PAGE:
“From what I’m seeing, order books remain robust for most manufacturers, but we’ll let you guys take it from there.”
That was MetalMiner Managing Editor Lisa Reisman’s take on the market yesterday morning, speaking to the audience of small- to mid-sized manufacturing organizations at the Commodity Trends Outlook 2013 in Grand Rapids, hosted by The Right Place, MMTC-West and the Supply Chain Management Council of West Michigan.
Indeed, a few of the audience members did take it from there. Jack Robbins, corporate controller at Hadley, which manufactures semi-truck bell horns and have a considerable zinc metal buy, told me that Hadley’s “orders softened in Q3, but have been picking up since.”
Robbins anticipated slow growth through the end of the year and into a majority of 2013.
While conference attendees surprised Lisa last year with rare earth inquiries, this year there didn’t seem to be any huge surprises — the growth mantra is still “slow, but steady.”
Speaking to the rare earths market, Lisa mentioned that the impact of China’s policies on exports has stabilized rare earth prices. “It will be interesting to see if rare earths prices will start ticking back up.”
Get the latest MMI® report for September here.
Ferrous Wheel Keeps on Turnin’
Some things to think about on the steel market and steel price direction:
“When the mills are at full capacity, they’re able to pass through their costs to you, the consumer. The inverse is also true,” Lisa said. “As we move from a full-capacity world, we’re seeing more pushback — the mills’ prices are not sticking as well as they used to.”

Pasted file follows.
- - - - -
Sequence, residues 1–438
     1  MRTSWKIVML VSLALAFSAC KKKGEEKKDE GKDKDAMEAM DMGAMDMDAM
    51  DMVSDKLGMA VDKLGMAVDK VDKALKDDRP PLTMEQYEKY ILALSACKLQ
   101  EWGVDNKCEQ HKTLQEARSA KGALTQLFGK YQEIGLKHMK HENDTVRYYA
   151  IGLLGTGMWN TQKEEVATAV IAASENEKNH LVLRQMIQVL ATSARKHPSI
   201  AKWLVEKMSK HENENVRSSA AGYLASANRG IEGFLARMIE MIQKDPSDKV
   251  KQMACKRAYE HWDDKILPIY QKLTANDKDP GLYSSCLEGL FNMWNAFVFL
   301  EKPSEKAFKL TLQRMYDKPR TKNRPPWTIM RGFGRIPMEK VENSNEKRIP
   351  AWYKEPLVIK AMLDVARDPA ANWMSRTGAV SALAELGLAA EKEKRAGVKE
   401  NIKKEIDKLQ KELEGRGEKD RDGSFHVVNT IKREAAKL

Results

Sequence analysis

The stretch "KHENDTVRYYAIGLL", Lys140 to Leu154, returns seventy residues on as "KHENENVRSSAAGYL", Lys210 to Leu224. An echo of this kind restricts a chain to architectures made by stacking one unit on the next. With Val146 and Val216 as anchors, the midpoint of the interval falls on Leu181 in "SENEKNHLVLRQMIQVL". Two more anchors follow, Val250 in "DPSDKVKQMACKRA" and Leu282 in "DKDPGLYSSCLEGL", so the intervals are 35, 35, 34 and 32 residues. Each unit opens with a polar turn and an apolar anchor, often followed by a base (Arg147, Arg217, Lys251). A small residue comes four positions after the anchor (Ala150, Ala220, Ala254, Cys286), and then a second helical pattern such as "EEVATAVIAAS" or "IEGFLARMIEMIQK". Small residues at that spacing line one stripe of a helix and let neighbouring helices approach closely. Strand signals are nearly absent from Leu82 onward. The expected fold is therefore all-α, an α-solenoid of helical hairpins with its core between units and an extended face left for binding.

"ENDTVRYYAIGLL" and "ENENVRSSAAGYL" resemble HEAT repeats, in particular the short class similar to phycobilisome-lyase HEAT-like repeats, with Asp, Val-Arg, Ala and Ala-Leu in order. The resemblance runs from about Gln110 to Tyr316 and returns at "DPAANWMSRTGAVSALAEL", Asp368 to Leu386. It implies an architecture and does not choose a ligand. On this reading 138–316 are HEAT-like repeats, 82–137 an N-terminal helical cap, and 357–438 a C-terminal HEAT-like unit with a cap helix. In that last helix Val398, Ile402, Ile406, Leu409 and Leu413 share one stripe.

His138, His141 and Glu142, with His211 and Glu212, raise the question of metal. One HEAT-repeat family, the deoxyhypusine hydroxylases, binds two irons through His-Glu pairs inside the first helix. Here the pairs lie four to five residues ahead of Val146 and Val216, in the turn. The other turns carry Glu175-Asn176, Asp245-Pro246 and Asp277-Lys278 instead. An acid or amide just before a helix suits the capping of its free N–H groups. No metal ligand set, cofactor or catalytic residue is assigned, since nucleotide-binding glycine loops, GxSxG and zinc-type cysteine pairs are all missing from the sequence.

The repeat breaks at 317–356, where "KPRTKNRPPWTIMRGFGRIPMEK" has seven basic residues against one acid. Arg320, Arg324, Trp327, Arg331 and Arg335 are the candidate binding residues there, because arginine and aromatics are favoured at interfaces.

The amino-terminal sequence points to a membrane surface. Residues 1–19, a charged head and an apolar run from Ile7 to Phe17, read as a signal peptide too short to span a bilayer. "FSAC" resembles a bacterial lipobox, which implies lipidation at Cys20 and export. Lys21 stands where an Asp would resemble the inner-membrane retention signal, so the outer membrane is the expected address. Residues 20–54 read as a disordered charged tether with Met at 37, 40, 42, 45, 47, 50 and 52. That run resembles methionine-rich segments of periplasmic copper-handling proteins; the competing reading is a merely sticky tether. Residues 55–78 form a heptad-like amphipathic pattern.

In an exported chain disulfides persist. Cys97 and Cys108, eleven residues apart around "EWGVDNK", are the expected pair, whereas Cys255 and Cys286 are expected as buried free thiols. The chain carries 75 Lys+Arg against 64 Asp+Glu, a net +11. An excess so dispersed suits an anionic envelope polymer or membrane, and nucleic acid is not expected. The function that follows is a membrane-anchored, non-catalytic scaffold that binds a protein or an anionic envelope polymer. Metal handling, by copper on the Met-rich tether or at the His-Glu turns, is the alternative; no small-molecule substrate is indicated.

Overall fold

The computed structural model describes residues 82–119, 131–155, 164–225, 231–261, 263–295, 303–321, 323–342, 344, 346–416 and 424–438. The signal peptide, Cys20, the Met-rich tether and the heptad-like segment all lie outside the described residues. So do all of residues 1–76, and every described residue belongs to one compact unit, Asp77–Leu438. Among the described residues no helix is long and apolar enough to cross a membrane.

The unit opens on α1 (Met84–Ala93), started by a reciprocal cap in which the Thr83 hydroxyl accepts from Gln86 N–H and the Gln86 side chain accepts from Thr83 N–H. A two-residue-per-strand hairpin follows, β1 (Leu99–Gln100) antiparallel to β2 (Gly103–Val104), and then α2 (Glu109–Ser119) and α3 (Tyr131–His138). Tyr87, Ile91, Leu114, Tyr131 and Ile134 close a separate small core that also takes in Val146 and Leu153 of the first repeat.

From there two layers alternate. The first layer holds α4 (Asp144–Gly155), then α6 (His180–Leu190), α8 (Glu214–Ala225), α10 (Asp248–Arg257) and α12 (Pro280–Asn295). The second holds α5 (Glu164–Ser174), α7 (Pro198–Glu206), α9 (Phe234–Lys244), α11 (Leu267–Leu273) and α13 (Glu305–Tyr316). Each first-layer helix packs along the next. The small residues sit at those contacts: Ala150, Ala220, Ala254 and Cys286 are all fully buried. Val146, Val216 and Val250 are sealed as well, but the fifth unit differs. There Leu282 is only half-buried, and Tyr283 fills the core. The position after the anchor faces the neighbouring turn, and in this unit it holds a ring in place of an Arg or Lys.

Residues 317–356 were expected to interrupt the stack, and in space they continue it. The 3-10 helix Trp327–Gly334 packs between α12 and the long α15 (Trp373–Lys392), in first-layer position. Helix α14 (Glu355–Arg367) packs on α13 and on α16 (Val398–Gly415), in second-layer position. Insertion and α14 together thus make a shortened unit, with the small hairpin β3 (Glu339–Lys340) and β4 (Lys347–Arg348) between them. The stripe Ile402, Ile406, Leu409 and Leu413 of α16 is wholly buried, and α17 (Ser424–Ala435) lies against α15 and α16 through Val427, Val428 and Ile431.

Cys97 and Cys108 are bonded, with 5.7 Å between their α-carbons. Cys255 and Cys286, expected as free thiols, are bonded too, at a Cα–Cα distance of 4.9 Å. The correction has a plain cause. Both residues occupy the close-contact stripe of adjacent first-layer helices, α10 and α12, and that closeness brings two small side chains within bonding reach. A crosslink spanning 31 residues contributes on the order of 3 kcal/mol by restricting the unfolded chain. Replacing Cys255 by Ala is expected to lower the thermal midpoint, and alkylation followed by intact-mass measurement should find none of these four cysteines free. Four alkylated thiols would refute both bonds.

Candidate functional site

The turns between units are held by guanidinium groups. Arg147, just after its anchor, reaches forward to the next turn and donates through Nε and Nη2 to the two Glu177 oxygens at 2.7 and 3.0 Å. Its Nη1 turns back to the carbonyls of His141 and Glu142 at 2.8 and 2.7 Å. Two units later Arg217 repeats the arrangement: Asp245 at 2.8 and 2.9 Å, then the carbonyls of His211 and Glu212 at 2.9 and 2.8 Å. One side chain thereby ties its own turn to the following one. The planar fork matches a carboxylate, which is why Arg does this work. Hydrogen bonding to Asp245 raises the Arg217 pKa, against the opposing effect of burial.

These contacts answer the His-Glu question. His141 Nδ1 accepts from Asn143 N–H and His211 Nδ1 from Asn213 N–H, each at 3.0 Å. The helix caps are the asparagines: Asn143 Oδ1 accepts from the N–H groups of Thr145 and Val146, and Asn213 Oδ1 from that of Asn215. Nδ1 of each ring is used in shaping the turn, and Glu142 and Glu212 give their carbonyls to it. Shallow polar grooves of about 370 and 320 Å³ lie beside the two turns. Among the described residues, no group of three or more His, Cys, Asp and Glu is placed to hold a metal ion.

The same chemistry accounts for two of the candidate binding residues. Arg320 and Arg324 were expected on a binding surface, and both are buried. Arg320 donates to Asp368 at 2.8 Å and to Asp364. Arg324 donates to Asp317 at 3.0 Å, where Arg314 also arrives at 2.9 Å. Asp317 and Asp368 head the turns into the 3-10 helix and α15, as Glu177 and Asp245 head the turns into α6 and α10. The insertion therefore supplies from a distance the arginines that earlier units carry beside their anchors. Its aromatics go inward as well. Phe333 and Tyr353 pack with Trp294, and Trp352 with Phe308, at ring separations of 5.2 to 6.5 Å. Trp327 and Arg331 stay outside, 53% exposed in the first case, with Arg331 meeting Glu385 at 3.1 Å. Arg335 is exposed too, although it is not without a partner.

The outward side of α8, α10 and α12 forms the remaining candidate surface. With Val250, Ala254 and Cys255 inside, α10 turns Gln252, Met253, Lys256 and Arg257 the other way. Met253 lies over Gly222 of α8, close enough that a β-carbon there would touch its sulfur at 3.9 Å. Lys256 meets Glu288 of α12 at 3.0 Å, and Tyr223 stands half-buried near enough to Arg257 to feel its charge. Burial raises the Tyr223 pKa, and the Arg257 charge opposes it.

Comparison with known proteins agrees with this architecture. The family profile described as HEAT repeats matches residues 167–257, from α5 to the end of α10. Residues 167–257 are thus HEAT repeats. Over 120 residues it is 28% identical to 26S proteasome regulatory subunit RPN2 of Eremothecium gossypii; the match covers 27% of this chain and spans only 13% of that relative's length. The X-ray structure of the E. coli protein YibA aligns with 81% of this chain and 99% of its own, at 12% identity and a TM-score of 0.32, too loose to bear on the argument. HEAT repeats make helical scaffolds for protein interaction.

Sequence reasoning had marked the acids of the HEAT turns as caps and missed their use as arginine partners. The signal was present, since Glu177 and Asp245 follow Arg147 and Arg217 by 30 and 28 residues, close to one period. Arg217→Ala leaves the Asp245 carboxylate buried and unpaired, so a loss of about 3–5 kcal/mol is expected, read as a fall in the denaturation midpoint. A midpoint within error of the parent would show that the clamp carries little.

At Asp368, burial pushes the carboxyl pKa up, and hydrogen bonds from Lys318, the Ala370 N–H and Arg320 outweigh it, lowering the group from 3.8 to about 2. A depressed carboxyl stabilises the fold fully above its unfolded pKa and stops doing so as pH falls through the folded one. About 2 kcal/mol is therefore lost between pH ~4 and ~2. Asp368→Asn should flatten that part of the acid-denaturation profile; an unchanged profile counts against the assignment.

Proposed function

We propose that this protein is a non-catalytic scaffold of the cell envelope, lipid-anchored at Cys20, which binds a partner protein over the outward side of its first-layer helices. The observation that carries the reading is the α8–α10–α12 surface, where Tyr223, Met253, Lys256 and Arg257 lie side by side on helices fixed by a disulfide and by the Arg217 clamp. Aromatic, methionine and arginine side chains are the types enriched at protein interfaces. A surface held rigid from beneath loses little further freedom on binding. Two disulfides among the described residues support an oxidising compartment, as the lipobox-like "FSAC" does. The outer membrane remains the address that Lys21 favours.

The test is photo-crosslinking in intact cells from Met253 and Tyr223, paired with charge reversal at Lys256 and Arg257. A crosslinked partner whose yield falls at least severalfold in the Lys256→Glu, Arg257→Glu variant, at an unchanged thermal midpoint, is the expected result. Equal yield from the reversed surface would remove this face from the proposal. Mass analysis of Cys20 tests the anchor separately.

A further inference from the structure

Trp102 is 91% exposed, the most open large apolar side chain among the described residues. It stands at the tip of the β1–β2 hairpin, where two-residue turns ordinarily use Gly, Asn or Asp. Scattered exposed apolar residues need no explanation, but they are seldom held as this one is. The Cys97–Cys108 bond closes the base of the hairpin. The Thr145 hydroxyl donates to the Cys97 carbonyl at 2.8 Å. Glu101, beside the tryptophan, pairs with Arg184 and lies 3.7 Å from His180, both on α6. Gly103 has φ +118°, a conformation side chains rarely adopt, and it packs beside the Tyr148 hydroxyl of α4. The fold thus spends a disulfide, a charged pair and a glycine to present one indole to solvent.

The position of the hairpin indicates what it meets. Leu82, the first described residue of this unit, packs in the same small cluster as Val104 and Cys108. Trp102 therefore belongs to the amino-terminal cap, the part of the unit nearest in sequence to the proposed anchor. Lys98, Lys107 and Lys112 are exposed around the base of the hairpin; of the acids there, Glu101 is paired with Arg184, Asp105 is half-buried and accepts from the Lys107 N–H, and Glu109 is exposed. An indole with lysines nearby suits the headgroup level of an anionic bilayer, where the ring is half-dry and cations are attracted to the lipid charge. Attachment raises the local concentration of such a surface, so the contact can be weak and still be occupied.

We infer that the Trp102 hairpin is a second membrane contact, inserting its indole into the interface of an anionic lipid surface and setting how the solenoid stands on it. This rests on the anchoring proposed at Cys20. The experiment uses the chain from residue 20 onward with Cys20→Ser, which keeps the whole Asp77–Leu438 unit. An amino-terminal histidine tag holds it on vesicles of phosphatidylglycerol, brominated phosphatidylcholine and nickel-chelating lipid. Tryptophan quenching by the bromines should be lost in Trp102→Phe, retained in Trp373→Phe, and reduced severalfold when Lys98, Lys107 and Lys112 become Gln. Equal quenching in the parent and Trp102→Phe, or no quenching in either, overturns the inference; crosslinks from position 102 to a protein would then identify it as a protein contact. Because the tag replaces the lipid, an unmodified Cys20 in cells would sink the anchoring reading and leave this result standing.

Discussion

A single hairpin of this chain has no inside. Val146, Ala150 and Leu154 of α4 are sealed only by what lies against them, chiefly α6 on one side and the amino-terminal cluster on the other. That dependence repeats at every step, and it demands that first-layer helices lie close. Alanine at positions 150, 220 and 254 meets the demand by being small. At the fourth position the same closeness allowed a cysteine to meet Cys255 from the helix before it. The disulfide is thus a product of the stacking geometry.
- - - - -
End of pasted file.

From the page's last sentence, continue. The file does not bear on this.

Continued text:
US Domestic Steel Prices
Source: MetalMiner IndX℠
Steel prices in 2013 should remain range-bound in a rather tight band, and imports should keep a lid on prices.
“Aluminum and zinc forward curves are misleading,” Lisa said, alluding to Stuart’s excellent recent coverage of forward-curve dynamics. “The point is that the curves are not indicative of what will happen. In some respects, a steep forward curve like aluminum indicates that there is too much supply. This could muddy your view of where prices are going.”
“The last three QE announcements caused aluminum price drops, not rises, according to Harbor Aluminum,” Lisa said, “and that’s what happened with the latest announcement. Harbor is saying lock in forward for 2013 now or around now, in the second half of September.”
Lead is the base metal we’re still not sure of, according to Lisa. Wait a week after the latest QE announcement and we’ll see prices come back down. We’ve seen inventories of lead drop over the past couple months, which could lead to some price rises, she said.